Fortunately the fix was a simple one. Analysis Services will run the calculations in the order they are found in the Mdx Script, so to fix the issue we simply moved the new “All Ex Bikes” definition up above the percentage calculation.

Now the number returned matches our expectations.

Pass/Solve Order can be a complex topic, so you may need to be careful.

In this case the number is totally wrong, so it was easy to spot, but some bugs will be much more subtle, so watch out!

Ranking, Sorting and Filtering

Once we have returned cube members into a grid report we often need to exclude or change the order of the result set to provide more meaningful information. MDX (Multidimensional Expressions) language includes some very useful operators to provide filtering (FILTER), sorting (ORDER) and ranking (TOPCOUNT/BOTTOMCOUNT) of dimension members. These can be quite overwhelming even for power users of XLCubed.  So, in V6, we have introduced a new feature “Advanced Member Selections” to provide easy access to this powerful part of Microsoft Analysis Services.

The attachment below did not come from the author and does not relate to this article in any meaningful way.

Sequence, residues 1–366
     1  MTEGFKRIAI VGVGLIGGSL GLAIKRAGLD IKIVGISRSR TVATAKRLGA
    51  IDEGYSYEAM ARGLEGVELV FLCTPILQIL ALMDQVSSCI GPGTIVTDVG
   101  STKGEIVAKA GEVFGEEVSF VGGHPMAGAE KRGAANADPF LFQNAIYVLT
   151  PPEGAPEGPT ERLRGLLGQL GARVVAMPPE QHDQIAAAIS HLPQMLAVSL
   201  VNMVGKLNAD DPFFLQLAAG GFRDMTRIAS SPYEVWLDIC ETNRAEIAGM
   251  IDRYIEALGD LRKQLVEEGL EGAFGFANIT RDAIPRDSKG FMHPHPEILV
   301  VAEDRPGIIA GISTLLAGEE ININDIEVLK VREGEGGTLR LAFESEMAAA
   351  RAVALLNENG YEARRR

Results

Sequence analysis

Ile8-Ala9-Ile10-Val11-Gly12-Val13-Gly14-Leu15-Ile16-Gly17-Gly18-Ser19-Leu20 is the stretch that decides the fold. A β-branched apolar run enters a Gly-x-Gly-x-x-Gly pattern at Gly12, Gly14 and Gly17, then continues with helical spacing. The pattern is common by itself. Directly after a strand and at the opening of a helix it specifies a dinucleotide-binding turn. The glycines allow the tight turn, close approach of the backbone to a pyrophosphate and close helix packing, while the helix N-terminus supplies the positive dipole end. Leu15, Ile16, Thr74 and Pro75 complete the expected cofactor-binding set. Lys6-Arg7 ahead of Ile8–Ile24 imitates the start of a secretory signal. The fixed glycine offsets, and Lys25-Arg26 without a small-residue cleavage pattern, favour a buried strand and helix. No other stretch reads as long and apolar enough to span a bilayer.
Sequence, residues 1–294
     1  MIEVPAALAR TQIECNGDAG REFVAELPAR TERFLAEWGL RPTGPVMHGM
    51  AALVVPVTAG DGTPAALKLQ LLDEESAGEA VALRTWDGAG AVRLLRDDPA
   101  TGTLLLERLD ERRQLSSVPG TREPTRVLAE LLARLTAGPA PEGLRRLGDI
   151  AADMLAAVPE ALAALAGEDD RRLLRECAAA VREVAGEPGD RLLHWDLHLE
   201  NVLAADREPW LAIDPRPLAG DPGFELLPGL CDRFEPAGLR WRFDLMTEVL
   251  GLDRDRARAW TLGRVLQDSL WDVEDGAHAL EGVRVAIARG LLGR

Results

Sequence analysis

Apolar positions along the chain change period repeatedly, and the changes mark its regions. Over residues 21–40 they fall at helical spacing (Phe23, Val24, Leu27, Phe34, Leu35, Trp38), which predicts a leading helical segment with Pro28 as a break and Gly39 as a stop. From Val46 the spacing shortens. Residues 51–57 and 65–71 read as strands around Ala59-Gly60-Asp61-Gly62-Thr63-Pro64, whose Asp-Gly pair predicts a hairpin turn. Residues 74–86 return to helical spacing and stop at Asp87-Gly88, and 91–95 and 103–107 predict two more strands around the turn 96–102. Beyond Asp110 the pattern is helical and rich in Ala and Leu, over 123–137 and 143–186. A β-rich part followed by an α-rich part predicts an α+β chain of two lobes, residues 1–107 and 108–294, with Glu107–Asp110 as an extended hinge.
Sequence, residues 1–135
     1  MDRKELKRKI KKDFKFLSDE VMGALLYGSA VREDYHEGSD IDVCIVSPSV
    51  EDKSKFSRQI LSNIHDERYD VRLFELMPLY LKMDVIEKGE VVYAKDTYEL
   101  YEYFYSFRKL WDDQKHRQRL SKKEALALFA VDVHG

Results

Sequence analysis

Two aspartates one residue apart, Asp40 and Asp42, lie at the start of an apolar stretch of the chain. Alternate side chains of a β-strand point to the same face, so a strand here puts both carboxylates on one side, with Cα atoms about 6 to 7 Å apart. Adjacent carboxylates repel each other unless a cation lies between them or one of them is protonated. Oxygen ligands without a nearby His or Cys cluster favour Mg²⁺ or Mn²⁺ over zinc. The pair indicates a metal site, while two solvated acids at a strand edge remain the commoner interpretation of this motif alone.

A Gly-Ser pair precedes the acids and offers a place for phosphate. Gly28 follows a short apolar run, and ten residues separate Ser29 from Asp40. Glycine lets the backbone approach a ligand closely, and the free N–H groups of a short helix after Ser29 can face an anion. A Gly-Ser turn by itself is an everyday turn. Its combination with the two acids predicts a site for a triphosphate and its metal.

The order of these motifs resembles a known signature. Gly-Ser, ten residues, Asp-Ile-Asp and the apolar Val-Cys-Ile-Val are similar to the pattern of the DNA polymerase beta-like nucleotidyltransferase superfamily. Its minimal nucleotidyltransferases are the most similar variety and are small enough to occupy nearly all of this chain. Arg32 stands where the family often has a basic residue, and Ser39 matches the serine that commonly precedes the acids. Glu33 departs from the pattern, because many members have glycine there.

Using this new functionality we can nest and combine these operations to answer complex business questions (for simpler operations you can right-click on a member in the grid and use the “Apply” menu to perform simple ranking, filters and sorting).

Filtering

So let’s go through a simple filtering example.  Say, for example, that we want to find the products at Product Key level that sold more than 25 units in 2003, Quarter 1 and show the sales figures for those subcategories during 2003 and its quarters.

  1. Start by clicking the Grid ribbon item (or the XLCubed > Design Grid menu item in Excel 2003 and below), and selecting the Internet Sales cube file
  2. Drag Calendar Period to Columns and Product to Rows. You can also drag any other hierarchies to Headers. In the example image below, Measures and Customer have been added there.

  1. Click on the Product hierarchy so that its details appear in the bottom-right panel.